What about you? Do you have a sense of contentment looking back on 2016?

All the best for the upcoming holiday season no matter how you celebrate it.

Atmosphere

This is a hard blog to write. I keep getting caught up in the feeling of atmosphere. That doesn’t do the reader a bit of good. Instead of writing about atmosphere, I’m lost in a swirling cauldron of emotion and feeling and setting. My mind is filled with images of dark nights, empty moors, forbidden and forbidding places.

Walk with me through the night. We’re in an alley, it runs between a series of storefronts and art studios. The moon is a silver crescent in the night sky. The stars wink on and off. Occasionally you see the red and green twinkle that means an airplane is flying overhead. You hear your footsteps. They echo off the empty buildings. There is no other sound. Nothing human. Can you feel the velvet touch of darkness on your skin? Are your senses heightened until each and every sound is distinct? What else do you feel?

Now, just for the moment, imagine a loud cacophony of sound. The crash metal cans and a loud wail breaks the silence of the night. Your heart pounds, sweat, dampens your hairline. You’re sure it’s cats fighting or mating. Until the shards of concrete slice into the side of your face. You taste the bitter, almost coppery flavor of adrenaline racing through your system. Warm liquid runs down the side of your cheek. You lift a hand and touch it. Your fingers come away coated in blood. You’re running, but you don’t remember moving your feet. Fear fills you with primitive responses. Get safe, stay safe. Your only imperative is to get away.

In the distance, a buzzing sound irritates you. You try to ignore it. It doesn’t go away. You push yourself to consciousness annoyed at the interruption to your self-preservation. The sound is your alarm. It was all a dream.

Atmosphere. It’s more than setting. It’s a mix of setting, character, emotion, and the key ingredient… imagination.

Kait Carson lives in an airpark in south central Florida with a pilot husband, eight tropical birds, and six rescue cats. By day, she’s a practicing probate and litigation paralegal, in the evening, legal pads give way to a keyboard, and she spins tales of murder and mayhem set in the tropical heat. Kait writes two series, the Catherine Swope series, set in Miami, and the Hayden Kent series set in the Fabulous Florida Keys.

Kait loves to hear from readers, check out her website at www.kaitcarson.com; follow her on Facebook at www.facebook.com/kaitcarsonauthor, on Twitter at @kaitcarson, or e-mail her at kait.carson@gmail.com.

 

Sleight of Hand

I’ve been fascinated with magic ever since my Uncle Jimmy pulled a quarter out from behind my ear. He let me keep the quarter, which was a major attraction too. I have never figured out how tricks are done. Oh, I know about the quarter, and I think I once used to be able to do a (note the singular) card trick, but rabbits out of hats, cutting people in half? Nope, not a clue.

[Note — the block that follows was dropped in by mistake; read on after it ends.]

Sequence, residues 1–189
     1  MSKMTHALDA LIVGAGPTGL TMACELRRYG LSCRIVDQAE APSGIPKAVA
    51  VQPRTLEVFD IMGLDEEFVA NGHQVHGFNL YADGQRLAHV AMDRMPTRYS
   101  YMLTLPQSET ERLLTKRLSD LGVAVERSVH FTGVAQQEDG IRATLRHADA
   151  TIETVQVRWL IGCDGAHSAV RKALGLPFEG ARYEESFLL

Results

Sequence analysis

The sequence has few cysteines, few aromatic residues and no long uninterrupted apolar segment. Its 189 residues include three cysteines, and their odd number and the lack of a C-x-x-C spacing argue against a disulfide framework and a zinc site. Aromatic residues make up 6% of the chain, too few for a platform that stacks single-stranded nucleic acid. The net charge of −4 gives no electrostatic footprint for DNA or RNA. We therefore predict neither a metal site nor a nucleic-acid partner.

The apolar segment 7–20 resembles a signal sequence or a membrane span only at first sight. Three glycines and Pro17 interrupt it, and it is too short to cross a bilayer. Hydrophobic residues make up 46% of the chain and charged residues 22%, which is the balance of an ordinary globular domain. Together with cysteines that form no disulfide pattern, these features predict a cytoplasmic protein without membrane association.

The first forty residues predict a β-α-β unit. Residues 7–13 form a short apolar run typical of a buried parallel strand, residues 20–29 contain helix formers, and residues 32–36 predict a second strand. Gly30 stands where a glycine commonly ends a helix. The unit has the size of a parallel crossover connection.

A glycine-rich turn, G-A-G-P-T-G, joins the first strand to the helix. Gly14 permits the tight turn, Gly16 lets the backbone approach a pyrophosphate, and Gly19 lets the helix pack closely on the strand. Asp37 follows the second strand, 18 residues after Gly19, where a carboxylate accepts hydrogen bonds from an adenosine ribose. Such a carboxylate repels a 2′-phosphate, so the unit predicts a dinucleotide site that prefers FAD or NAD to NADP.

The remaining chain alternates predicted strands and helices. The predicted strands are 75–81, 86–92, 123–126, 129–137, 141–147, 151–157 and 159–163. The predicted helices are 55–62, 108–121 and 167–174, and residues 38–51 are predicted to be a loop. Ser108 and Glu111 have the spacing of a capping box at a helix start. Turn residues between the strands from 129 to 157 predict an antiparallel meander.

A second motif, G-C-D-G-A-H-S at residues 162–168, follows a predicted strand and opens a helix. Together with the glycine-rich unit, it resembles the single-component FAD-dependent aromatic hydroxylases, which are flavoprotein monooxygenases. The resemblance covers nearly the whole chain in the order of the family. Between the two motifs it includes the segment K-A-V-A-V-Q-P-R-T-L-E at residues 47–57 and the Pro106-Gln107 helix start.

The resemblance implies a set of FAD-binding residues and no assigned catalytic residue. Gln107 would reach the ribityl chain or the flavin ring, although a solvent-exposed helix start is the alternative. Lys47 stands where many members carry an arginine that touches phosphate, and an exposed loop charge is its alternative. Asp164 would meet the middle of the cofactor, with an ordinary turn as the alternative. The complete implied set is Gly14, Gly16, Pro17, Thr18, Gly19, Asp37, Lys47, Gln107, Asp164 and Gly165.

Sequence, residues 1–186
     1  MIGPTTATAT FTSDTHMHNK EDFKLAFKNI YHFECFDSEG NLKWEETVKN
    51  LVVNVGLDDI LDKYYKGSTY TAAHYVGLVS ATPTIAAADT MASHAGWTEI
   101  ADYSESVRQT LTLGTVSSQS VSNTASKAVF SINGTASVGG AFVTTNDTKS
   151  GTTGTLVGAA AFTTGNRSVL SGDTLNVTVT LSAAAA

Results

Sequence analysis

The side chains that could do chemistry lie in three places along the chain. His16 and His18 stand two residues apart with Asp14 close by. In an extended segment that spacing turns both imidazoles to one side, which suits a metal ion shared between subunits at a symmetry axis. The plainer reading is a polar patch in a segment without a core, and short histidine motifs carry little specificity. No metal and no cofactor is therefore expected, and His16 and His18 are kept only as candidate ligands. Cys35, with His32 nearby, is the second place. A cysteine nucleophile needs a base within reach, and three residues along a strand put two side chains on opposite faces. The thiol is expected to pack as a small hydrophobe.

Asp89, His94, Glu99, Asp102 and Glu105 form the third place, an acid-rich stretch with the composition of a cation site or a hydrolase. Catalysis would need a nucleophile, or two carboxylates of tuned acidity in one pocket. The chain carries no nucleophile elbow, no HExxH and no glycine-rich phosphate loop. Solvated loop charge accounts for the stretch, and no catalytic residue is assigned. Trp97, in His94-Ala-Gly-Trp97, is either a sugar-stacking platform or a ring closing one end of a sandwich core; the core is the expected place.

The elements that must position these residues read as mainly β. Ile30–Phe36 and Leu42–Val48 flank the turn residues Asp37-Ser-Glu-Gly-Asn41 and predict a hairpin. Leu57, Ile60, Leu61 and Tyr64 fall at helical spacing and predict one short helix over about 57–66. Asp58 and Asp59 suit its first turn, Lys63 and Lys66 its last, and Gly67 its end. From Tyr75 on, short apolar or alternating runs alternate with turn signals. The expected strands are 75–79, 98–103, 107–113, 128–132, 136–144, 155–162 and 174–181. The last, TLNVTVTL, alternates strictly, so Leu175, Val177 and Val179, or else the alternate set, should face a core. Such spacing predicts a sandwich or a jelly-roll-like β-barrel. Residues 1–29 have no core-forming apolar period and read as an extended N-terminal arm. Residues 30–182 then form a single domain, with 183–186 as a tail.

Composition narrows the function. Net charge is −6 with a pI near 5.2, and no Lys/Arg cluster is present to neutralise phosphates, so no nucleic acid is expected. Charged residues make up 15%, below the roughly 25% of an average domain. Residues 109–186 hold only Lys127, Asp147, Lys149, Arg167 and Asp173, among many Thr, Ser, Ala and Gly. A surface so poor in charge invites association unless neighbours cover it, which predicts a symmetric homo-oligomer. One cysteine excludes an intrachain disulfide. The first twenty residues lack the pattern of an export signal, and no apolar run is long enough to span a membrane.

The amazing Randy and Johnny Carson, who was a fine magician in his own right, claimed that the tricks are accomplished through sleight of hand, misdirection, and deception. Writing mysteries is like that. The first rule of mystery writing is play fair with the reader. Just how is a writer supposed to do that? If the writer truly played fair, then the reader would know who the killer is immediately. After all, the writer usually does—sometimes by the end of the third draft, sometimes immediately—depends if you are a pantser or a plotter.

Writers use the same tricks as a magician. We hide clues in plain sight, we misdirect the sleuth and thus the reader, and sometimes, we outright deceive, the sleuth, who takes the reader along for the trip down the wrong road. After all, in real life, witnesses lie, or misremember, villains don’t own up to the crime and try to shift the blame, and the investigators don’t always look in the right places first.

Sir Arthur Conan Doyle perfected the art of hiding clues in plain sight. Remember the Hounds of the Baskervilles? Spoiler alert if you haven’t read the story—the hounds remained silent, the silence was the clue that was introduced in the very beginning of the story, but left unremarked until it became the clue that solved the crime. It was always there, right from the start, hidden by Doyle’s unmatched sleight of hand.

Daphne du Maurier in Rebecca opts for deception. The unnamed second wife is led to believe that Max and Rebecca shared a wonderful marriage, that he can’t overcome his grief at her loss, and that the second Mrs. DeWinter is unloved. She doesn’t see the deception until at long last, she’s convinced her marriage is over by the very same event that proves to be the salvation of the marriage. Truth saves the day for Max and the second wife. It’s the downfall of the deceivers.

JK Rowling uses misdirection throughout the Harry Potter series. She had little choice. Harry was a child. His interpretations were not always accurate, although the reader believed they were. Harry was not acting as an unreliable narrator, at least in my opinion. He believed what he saw was truth, and so the reader believed too.